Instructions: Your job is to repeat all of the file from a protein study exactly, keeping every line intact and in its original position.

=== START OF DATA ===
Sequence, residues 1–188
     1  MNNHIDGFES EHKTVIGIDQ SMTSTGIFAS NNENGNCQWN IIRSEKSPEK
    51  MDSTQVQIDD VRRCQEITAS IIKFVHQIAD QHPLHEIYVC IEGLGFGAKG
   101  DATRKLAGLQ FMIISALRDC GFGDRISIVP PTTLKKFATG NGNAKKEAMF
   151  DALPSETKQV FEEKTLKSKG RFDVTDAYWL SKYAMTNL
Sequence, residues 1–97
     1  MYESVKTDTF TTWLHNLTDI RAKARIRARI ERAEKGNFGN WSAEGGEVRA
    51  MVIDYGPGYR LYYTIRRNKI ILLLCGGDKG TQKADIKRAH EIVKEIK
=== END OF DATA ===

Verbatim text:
Sequence, residues 1–188
     1  MNNHIDGFES EHKTVIGIDQ SMTSTGIFAS NNENGNCQWN IIRSEKSPEK
    51  MDSTQVQIDD VRRCQEITAS IIKFVHQIAD QHPLHEIYVC IEGLGFGAKG
   101  DATRKLAGLQ FMIISALRDC GFGDRISIVP PTTLKKFATG NGNAKKEAMF
   151  DALPSETKQV FEEKTLKSKG RFDVTDAYWL SKYAMTNL
Sequence, residues 1–97
     1  MYESVKTDTF TTWLHNLTDI RAKARIRARI ERAEKGNFGN WSAEGGEVRA
    51  MVIDYGPGYR LYYTIRRNKI ILLLCGGDKG TQKADIKRAH EIVKEIK